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Home » Farming/Growing, Feedstocks, Field/Orchard/Plantation Crops/Residues, Infrastructure, Opinions, Policy, Sustainability

Why Small, Local, Organic Farms Aren’t the Key to Fixing Our Food System

Submitted by on September 24, 2017 – 12:22 pmNo Comment

by Tamar Haspel (The Washington Post)  The food movement has a problem: It’s right about what’s wrong with our system, but wrong about how to fix it.  But what is the “food movement?” I hear you asking. For these purposes, we’ll call it the loose coalition of sustainability-minded people calling for the food system to be more focused on environmental and human health. There are lots of players with lots of agendas, but the key issues boil down to a familiar few: We have a chemical-intensive system that crowds out biodiversity, depletes the soil and pollutes the water to grow corn and soy for cheap meat and processed food, which make us fat and sick. While we can talk about the extent to which these things are true (and I have, in eye-glazing, patience-trying detail), it’s hard to look at the dead zone in the Gulf of Mexico or the inexorable rise in obesity and deny that they’re problems.

How do we fix it?

But it cannot fix that chemical-intensive system that crowds out biodiversity, depletes the soil, pollutes the water, etc. And that’s not a lack of confidence in, or enthusiasm for, that kind of small farm. It’s simply a recognition that there are economic, logistic, topographical and even arithmetic reasons that those farms can only be a small slice of a reimagined, responsible, food system. There are at least four reasons:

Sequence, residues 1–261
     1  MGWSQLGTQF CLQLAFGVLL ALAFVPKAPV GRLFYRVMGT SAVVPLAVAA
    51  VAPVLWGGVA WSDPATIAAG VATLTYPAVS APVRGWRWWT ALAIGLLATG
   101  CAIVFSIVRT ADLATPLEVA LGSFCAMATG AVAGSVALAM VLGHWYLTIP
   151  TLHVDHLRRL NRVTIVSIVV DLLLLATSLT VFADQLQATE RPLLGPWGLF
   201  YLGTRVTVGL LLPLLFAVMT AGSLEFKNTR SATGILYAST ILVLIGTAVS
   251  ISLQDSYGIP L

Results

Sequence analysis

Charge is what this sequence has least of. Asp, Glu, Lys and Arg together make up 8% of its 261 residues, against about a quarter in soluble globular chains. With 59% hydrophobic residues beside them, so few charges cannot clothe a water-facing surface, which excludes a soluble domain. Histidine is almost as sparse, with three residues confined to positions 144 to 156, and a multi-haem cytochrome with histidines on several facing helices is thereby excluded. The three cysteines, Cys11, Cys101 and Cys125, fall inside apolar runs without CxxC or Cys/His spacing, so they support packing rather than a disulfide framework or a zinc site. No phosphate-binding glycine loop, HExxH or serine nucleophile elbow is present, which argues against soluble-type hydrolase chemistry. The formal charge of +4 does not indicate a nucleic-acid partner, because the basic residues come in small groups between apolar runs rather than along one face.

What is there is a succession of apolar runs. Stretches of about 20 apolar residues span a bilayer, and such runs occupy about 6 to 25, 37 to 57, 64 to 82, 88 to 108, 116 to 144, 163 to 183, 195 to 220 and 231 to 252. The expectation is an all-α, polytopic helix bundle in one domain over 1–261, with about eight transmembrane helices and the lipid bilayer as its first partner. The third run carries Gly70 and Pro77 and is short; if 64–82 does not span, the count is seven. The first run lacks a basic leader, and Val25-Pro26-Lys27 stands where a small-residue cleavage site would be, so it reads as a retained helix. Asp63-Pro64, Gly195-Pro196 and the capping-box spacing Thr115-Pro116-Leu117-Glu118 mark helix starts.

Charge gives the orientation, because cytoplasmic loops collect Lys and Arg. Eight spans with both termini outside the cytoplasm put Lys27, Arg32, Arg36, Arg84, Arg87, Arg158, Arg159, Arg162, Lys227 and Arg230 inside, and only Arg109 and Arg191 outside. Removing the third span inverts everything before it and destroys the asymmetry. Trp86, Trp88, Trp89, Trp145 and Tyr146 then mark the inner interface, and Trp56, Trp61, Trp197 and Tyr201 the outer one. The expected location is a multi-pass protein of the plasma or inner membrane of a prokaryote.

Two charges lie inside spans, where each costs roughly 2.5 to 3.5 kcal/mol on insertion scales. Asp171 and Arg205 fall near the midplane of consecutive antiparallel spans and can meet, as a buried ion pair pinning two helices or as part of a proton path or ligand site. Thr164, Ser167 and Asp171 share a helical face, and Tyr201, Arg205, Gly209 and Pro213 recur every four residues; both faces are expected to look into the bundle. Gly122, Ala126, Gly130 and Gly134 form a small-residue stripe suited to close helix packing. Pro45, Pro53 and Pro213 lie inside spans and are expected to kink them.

They don’t grow the right stuff.

They can’t grow the right stuff.

The land is in the wrong place.


I asked Tim Griffin, director of the Agriculture, Food and Environment program at Tufts University’s Friedman School of Nutrition Science and Policy, and he wrote in an email, “Having a food system that has multiple scales is better than having a preponderance of one scale (either large or small).” The growing of grains and legumes isn’t inherently less sustainable than growing produce, he says, but he would like to see a system where farms can take advantage of economies of scale without producing a homogenous landscape.

Suzy Friedman, senior director of agricultural sustainability at the Environmental Defense Fund, similarly sees roles for “farms of all sizes and production methods.” A responsible food system incorporates conservation methods that make sense for the kind of farm in question, and she looks to innovation, tools for precision fertilizing and pest control, and reliable measurement of results to help farmers do that, something that cooperation across the food chain and policies that promote, rather than discourage, sustainable practices can drive.

In general, the experts I talk to about this have a view of sustainability that encompasses all sizes and all crops, with local and organic playing an important, but necessarily small, role.

It’s time to change the focus. Local and organic are mission accomplished; awareness is widespread. Continuing to push those two things will further entrench the idea that they’re the only solution, and that idea is the enemy of real improvement. Move on to where a change in farming can make a much bigger difference: the hundreds of millions of acres of commodity crops.

I talk to a lot of farmers of those crops who are making environmental impact a top priority and implementing practices to improve their soil health, reduce nutrient runoff and retain water.  READ MORE

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